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Learning clinical skills during bedside teaching encounters in general practice: A video-observational study with insights from activity theory

Rola Ajjawi (Centre for Medical Education, Medical Education Institute, University of Dundee, Dundee, UK)
Charlotte Rees (Centre for Medical Education, Medical Education Institute, University of Dundee, Dundee, United Kingdom.)
Lynn V Monrouxe (Institute of Medical Education, School of Medicine, Cardiff University, Cardiff, United Kingdom.)

Journal of Workplace Learning

ISSN: 1366-5626

Article publication date: 11 May 2015

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Abstract

Purpose

This paper aims to explore how opportunities for learning clinical skills are negotiated within bedside teaching encounters (BTEs). Bedside teaching, within the medical workplace, is considered essential for helping students develop their clinical skills.

Design/methodology/approach

An audio and/or video observational study examining seven general practice BTEs was undertaken. Additionally, audio-recorded, semi-structured interviews were conducted with participants. All data were transcribed. Data analysis comprised Framework Analysis informed by Engeström’s Cultural Historical Activity Theory.

Findings

BTEs can be seen to offer many learning opportunities for clinical skills. Learning opportunities are negotiated by the participants in each BTE, with patients, doctors and students playing different roles within and across the BTEs. Tensions emerged within and between nodes and across two activity systems.

Research limitations/implications

Negotiation of clinical skills learning opportunities involved shifts in the use of artefacts, roles and rules of participation, which were tacit, dynamic and changing. That learning is constituted in the activity implies that students and teachers cannot be fully prepared for BTEs due to their emergent properties. Engaging doctors, students and patients in reflecting on tensions experienced and the factors that influence judgements in BTEs may be a useful first step in helping them better manage the roles and responsibilities therein.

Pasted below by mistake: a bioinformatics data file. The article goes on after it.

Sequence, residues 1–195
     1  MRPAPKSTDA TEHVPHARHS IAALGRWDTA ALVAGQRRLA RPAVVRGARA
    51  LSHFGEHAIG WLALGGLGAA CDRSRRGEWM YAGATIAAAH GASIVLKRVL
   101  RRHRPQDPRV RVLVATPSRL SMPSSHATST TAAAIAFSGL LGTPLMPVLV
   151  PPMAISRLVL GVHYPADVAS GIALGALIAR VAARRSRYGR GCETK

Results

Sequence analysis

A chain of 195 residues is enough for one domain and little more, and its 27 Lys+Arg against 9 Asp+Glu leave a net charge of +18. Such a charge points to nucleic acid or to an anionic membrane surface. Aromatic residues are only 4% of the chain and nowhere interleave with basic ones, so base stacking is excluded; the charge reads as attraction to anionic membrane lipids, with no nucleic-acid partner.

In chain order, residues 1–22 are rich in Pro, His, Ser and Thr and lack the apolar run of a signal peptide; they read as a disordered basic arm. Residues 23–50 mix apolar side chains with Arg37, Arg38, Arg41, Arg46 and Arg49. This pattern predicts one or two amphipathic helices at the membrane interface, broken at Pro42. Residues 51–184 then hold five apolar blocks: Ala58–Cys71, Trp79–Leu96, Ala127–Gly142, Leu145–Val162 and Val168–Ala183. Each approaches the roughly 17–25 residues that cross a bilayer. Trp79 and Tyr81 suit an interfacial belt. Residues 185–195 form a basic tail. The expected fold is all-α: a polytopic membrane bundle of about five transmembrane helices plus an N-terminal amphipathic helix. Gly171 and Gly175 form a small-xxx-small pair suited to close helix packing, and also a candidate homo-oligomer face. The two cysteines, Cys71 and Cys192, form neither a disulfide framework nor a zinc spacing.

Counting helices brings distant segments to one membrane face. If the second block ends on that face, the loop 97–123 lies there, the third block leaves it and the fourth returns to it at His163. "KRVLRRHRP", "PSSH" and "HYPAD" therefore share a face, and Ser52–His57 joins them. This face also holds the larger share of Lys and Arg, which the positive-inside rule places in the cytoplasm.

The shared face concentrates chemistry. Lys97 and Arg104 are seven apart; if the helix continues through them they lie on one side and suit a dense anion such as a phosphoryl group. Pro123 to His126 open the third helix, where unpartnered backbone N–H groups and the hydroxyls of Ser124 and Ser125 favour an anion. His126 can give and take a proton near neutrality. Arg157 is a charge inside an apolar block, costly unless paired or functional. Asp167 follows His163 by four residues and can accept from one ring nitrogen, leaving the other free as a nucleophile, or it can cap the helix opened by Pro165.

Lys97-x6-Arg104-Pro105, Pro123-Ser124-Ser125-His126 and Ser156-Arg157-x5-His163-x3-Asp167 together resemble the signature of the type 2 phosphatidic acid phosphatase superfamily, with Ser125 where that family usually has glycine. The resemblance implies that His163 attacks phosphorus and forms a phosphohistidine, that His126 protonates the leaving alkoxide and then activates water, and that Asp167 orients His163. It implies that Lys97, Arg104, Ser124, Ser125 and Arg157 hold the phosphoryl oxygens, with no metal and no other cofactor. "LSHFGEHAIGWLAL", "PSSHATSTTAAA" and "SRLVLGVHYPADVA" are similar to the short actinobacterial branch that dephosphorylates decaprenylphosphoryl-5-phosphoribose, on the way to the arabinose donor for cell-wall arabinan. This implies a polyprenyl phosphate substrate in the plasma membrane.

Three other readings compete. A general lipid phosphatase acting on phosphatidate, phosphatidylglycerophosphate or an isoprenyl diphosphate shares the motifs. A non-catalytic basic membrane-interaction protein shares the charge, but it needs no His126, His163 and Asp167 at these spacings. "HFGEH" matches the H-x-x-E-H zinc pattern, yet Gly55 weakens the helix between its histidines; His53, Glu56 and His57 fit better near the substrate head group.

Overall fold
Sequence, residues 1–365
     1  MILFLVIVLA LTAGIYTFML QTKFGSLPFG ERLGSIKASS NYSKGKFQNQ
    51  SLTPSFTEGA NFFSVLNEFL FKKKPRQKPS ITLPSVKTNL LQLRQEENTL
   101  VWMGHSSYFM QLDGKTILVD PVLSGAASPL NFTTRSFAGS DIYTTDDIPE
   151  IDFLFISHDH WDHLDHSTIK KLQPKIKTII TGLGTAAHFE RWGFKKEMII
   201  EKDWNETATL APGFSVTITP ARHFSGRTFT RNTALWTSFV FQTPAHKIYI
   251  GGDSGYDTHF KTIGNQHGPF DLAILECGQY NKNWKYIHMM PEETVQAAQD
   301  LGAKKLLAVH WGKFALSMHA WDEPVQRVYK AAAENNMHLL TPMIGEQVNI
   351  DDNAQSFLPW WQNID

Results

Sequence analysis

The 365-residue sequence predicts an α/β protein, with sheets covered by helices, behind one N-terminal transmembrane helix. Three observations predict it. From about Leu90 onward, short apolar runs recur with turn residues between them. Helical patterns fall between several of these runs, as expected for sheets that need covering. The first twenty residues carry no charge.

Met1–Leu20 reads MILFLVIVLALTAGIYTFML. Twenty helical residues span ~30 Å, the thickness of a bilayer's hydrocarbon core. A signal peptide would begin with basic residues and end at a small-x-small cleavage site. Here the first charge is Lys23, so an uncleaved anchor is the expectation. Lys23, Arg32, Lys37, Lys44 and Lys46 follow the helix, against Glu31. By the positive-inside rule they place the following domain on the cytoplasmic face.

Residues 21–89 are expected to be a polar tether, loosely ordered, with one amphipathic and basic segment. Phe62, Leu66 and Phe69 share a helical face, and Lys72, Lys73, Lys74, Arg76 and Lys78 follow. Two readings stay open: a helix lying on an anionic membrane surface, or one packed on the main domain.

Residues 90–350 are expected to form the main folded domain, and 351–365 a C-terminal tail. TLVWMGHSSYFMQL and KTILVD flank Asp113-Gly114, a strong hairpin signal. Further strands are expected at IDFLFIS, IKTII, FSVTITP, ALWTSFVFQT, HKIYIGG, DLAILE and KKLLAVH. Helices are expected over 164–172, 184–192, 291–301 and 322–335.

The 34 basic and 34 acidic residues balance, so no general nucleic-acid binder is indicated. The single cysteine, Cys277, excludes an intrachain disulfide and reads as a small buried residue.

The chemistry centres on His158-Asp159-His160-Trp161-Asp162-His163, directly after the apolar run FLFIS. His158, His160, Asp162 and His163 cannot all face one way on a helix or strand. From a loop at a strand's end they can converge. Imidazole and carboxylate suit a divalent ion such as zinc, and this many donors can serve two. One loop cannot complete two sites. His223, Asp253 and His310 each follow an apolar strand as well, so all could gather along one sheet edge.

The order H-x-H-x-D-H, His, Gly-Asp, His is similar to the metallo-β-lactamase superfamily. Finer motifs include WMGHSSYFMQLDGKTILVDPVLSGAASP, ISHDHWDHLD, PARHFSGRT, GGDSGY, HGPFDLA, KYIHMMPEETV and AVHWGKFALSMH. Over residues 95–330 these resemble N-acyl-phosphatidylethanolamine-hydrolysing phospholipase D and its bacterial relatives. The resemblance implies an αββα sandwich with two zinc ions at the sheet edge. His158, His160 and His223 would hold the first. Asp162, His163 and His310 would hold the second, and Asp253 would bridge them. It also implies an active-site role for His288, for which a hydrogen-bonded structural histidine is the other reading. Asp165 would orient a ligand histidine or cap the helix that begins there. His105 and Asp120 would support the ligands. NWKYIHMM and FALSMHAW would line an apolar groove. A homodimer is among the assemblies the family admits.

Originality/value

The paper makes an original contribution to the literature by highlighting the tensions inherent in BTEs and how the negotiation of roles and division of labour whilst juggling two interacting activity systems create or inhibit opportunities for clinical skills learning. This has significant implications for how BTEs are conceptualised.

Keywords

Acknowledgements

The authors would like to acknowledge the valuable contribution of Dr Amy de-Laroche who collected part of the data and Professors Simon Willcock and Ian Wilson who enabled access and recruitment of participants. The authors would also like to acknowledge funding of this research through a bridging support grant issued by the University of Sydney, Australia. This research was funded through a bridging support grant issued by the University of Sydney, Sydney, NSW, and Australia.

Citation

Ajjawi, R., Rees, C. and Monrouxe, L.V. (2015), "Learning clinical skills during bedside teaching encounters in general practice: A video-observational study with insights from activity theory", Journal of Workplace Learning, Vol. 27 No. 4, pp. 298-314. https://doi.org/10.1108/JWL-05-2014-0035

Publisher

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Emerald Group Publishing Limited

Copyright © 2015, Emerald Group Publishing Limited